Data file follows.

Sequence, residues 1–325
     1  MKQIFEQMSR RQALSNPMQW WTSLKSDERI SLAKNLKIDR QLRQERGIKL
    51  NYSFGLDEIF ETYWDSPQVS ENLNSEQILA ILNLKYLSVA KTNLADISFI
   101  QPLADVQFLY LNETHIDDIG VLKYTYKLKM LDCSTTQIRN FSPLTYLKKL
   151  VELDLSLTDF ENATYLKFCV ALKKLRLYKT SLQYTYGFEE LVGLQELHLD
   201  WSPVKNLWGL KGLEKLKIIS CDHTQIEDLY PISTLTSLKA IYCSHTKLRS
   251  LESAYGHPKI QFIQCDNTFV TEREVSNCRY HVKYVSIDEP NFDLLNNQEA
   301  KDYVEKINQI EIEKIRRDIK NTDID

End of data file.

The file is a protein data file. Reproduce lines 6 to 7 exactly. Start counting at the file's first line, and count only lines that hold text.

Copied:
   201  WSPVKNLWGL KGLEKLKIIS CDHTQIEDLY PISTLTSLKA IYCSHTKLRS
   251  LESAYGHPKI QFIQCDNTFV TEREVSNCRY HVKYVSIDEP NFDLLNNQEA